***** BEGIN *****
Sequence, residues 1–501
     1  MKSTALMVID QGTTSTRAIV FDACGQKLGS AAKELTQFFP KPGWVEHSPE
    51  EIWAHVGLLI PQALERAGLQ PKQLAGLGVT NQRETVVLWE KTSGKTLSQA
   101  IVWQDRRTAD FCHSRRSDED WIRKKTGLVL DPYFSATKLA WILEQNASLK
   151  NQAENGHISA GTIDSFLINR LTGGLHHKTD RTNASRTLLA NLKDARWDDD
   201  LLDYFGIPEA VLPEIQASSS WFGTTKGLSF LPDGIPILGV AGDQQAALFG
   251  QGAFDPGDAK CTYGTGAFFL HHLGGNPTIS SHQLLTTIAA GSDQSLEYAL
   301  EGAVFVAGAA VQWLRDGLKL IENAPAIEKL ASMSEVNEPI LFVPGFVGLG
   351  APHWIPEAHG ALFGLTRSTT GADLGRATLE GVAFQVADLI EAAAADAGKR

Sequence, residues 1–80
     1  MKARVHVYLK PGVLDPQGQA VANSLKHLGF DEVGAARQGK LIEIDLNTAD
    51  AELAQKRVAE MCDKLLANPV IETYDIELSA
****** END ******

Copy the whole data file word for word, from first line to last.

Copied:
Sequence, residues 1–501
     1  MKSTALMVID QGTTSTRAIV FDACGQKLGS AAKELTQFFP KPGWVEHSPE
    51  EIWAHVGLLI PQALERAGLQ PKQLAGLGVT NQRETVVLWE KTSGKTLSQA
   101  IVWQDRRTAD FCHSRRSDED WIRKKTGLVL DPYFSATKLA WILEQNASLK
   151  NQAENGHISA GTIDSFLINR LTGGLHHKTD RTNASRTLLA NLKDARWDDD
   201  LLDYFGIPEA VLPEIQASSS WFGTTKGLSF LPDGIPILGV AGDQQAALFG
   251  QGAFDPGDAK CTYGTGAFFL HHLGGNPTIS SHQLLTTIAA GSDQSLEYAL
   301  EGAVFVAGAA VQWLRDGLKL IENAPAIEKL ASMSEVNEPI LFVPGFVGLG
   351  APHWIPEAHG ALFGLTRSTT GADLGRATLE GVAFQVADLI EAAAADAGKR

Sequence, residues 1–80
     1  MKARVHVYLK PGVLDPQGQA VANSLKHLGF DEVGAARQGK LIEIDLNTAD
    51  AELAQKRVAE MCDKLLANPV IETYDIELSA